19 Why layers? Reduce complexity Improve flexibility 19

20 Why not? sub-optimal performance cross-layer information often useful  several “layer violations” in practice 20

21 What physical infrastructure is already available? Reserve or on-demand? Where’s my delay coming from? What’s the right set of layers? 21

22 Backing up… Why is this architecture good? Application Transport Network Data link Physical L1 L2 L3 L4 L7 SMTP HTTPDNSNTP TCPUDP IP EthernetFDDIPPP optical copper radio PSTN at ends In network

23 Architectural Wisdom Benefits of layering reduce complexity, increase flexibility “narrow waist” simple, minimal requirements for interoperability “smart ends, dumb network” No application knowledge in network  more general Minimal state in the network  more robust to failure

24 Architectural Wisdom David D. Clark (MIT) Chief protocol architect for the Internet from 1981 Co-authored two classics “End-to-End Arguments in System Design” (1981) “The Design Philosophy of the DARPA Internet Protocols” (1988)

25 Example: Reliable File Transfer Solution 1: make each step reliable, and string them together to make reliable end-to-end process Solution 2: end-to-end check and retry OS App OS App Host AHost B OK

26 Discussion Solution 1 is incomplete What happens if any network element misbehaves? Receiver has to do the check anyway! Solution 2 is complete Full functionality can be entirely implemented at application layer with no need for reliability from lower layers

27 End-to-end argument: Intuition Some application requirements can only be correctly implemented end-to-end reliability, security, etc. Implementing these in the network is hard every step along the way must be fail proof End-systems Can satisfy the requirement without network’s help Will/must do so, since they can’t rely on the network

28 End-to-End Arguments in Clark’s words “The function in question can completely and correctly be implemented only with the knowledge and help of the application at the end points of the communication system. Therefore, providing that function as a feature of the communication system itself is not possible. (Sometimes an incomplete version of the function provided by the communication system may be useful as a performance enhancement.)”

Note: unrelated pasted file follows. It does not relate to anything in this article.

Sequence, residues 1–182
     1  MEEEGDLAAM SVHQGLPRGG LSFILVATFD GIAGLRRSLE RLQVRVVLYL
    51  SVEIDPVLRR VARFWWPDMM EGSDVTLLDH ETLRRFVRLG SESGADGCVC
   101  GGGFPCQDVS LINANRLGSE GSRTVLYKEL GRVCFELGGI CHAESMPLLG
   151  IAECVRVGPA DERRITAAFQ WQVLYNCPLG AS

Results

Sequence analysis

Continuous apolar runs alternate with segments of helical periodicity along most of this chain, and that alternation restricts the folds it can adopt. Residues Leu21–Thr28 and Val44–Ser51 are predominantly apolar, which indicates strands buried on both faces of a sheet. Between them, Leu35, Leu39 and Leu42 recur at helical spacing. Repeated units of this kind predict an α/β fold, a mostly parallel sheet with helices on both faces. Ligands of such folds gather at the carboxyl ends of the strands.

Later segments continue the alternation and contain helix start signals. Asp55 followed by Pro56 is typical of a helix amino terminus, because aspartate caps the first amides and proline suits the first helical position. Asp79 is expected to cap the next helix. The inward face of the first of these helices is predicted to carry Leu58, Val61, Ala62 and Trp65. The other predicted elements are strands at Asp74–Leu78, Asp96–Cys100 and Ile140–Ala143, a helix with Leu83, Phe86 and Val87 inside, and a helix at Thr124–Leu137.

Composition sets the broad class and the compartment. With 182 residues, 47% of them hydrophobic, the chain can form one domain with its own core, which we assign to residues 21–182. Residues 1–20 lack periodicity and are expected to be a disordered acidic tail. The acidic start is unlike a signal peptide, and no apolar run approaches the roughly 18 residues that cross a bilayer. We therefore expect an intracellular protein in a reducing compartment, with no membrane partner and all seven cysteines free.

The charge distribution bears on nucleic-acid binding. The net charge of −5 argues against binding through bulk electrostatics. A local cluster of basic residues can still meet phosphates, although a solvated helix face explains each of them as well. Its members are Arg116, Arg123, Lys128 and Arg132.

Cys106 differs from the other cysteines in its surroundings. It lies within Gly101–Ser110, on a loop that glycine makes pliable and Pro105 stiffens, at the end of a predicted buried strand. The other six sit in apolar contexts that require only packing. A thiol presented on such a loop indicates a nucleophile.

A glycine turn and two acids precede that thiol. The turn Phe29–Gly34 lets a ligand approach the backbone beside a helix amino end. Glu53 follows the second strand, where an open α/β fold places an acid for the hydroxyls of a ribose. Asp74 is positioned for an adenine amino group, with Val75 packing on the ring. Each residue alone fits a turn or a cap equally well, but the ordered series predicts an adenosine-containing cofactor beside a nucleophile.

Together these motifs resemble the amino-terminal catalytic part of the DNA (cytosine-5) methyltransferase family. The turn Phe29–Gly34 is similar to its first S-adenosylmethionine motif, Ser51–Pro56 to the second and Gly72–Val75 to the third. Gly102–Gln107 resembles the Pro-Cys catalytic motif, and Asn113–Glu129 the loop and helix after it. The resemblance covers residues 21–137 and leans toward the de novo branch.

29 Recap Implementing functionality (e.g., reliability) in the network Doesn’t reduce host implementation complexity Does increase network complexity Decreases generality (of the network) However, implementing functionality in the network can improve performance in some cases e.g., consider a very lossy link

30 Commonly used examples Error handling in file transfer End-to-end, versus in-network encryption The partition of work between TCP and IP for reliable packet delivery What about Quality of Service (QoS)? Communication throughput or delay guarantee

31 Some consequences In layered design, the E2E principle provides guidance on which layers are implemented where “Dumb” network and “smart” end systems Often credited as key to the Internet’s success “Fate sharing” Store state at the system entities that rely on the state Often translated to keeping state out of routers

32 Cracks in the E2E argument? Ignores incentives of different stakeholders e.g., ISP looking for new revenue-generating services e.g., users looking for a performance boost Sometimes we don’t trust the end-systems to do the job e.g., firewalls, intrusion detection systems

33 Recap: architectural decisions How to break system into modules? Classic decomposition into tasks Where are modules implemented? Hosts? Routers? Both? Where is state stored? Hosts? Routers? Both?

34 Leads to three guiding principles How to break system into modules? Layering Where are modules implemented? End-to-end principle Where is state stored? Fate-sharing

35 BREAK!


Download ppt "Layering and the network layer CS168, Fall 2014 Sylvia Ratnasamy"

Similar presentations


Ads by Google